Cmos vs non-cmos.


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Dec 27, 2008
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Toa Payoh Lorong 8
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Hi, anyone has any opinion regarding Nikon cameras that has cmos image sensor and those that dont? I really wondering if paying more for models like D90 and D300 is worth it. Otherwise, I just settle for D80 or 2nd hand D200. By the way, why do I have to keep setting the date for my office D40x everytime I power it up?
 

Dec 4, 2008
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Hi, anyone has any opinion regarding Nikon cameras that has cmos image sensor and those that dont? I really wondering if paying more for models like D90 and D300 is worth it. Otherwise, I just settle for D80 or 2nd hand D200. By the way, why do I have to keep setting the date for my office D40x everytime I power it up?
erm, what are you tryin to ask huh.. CMOS is cheaper to make compare to CCD.. base on this theory, all CMOS equiped camera is cheaper.. to buy or not to buy used camera is really up to your own perference..
 

Dec 27, 2008
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Toa Payoh Lorong 8
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Oh. I thought newer Nikon cameras like D90 has cmos image sensor as opposed to the older D200 that uses ccd sensor.
 

cks2k2

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Feb 12, 2009
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The cmos vs non-cmos (ccd) is pretty much a marketing thing: companies trying to justify their technological decisions based on costs and not ultimate performance. Fuji's Super EXR CCD is considered one of the best in the business esp for night shots.

erm, what are you tryin to ask huh.. CMOS is cheaper to make compare to CCD.. base on this theory, all CMOS equiped camera is cheaper.. to buy or not to buy used camera is really up to your own perference..
CMOS is cheaper in terms of HVM (high-volume manufacturing) as it reuses microprocessor fabrication tech. But it's more costly to optimize its design. So it pretty much balances out.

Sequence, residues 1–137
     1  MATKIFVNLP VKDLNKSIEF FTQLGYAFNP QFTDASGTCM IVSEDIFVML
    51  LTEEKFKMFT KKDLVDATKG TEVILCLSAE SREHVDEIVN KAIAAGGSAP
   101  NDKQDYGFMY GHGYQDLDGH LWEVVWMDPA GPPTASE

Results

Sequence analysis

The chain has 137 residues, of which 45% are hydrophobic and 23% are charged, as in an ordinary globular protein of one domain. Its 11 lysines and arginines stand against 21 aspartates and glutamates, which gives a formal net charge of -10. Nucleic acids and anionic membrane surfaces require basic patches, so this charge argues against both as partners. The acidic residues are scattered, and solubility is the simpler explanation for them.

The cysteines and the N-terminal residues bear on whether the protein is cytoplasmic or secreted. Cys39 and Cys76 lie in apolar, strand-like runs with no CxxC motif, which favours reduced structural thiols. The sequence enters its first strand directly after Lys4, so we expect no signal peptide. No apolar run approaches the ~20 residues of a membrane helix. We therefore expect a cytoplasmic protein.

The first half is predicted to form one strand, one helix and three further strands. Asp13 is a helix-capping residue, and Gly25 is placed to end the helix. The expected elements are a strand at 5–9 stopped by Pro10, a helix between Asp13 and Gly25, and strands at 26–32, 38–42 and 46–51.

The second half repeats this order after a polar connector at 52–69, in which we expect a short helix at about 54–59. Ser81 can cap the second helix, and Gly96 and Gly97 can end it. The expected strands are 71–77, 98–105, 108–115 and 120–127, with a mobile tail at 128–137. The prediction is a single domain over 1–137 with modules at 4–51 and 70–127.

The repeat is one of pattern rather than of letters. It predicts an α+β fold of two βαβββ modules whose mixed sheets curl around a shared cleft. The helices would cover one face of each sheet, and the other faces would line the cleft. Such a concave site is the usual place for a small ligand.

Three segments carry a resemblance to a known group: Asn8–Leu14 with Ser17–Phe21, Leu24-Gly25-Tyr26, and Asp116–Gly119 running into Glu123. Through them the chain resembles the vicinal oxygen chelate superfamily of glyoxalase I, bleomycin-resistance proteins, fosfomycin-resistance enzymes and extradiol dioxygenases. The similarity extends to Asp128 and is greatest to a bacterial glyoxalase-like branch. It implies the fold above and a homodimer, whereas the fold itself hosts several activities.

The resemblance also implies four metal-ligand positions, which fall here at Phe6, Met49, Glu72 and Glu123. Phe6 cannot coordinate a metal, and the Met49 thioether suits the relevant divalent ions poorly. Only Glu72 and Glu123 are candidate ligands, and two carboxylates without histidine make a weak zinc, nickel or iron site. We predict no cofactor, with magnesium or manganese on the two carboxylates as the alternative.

Dream Merchant

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Jan 11, 2007
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#6
Going back to your original question, you have to remember that the price of a camera, or it's relative worth or value to a user is dependent on many other factors besides just what sensor it uses. Look at the overall combination very carefully, then decixde if it's worth it for your own usage. Yes, unfortunately that means research, reading and discerning.
 

Dec 27, 2008
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Toa Payoh Lorong 8
#8
Thank you for all your input! I aim to buy a Nikon DSLR next year after my year end bonus. Ha ha. A lot of time for research.
I hate my current Fuji Finepix S5800's picture noise.
 

zac08

Senior Member
Feb 21, 2005
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#10
First of all, you have to read up more on the 2 different forms of technology and understand better on why each makers use the different technology.

Next up, is compare on the cameras properly using proper review sites or data. Then make a educated decision on the choice.
 

giantcanopy

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Feb 11, 2007
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#11
I would not choose a camera based on the parts / electronics it uses. Technologies keep changing anyway. And unless you're buying sensors, the functionalities and its performance are what count.

Ryan
 

Dec 4, 2008
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#12
Oh. I thought newer Nikon cameras like D90 has cmos image sensor as opposed to the older D200 that uses ccd sensor.
CCD based on theory is better senor than CMOS.. there is also silicon sensor but i think no one is currently using it...
 

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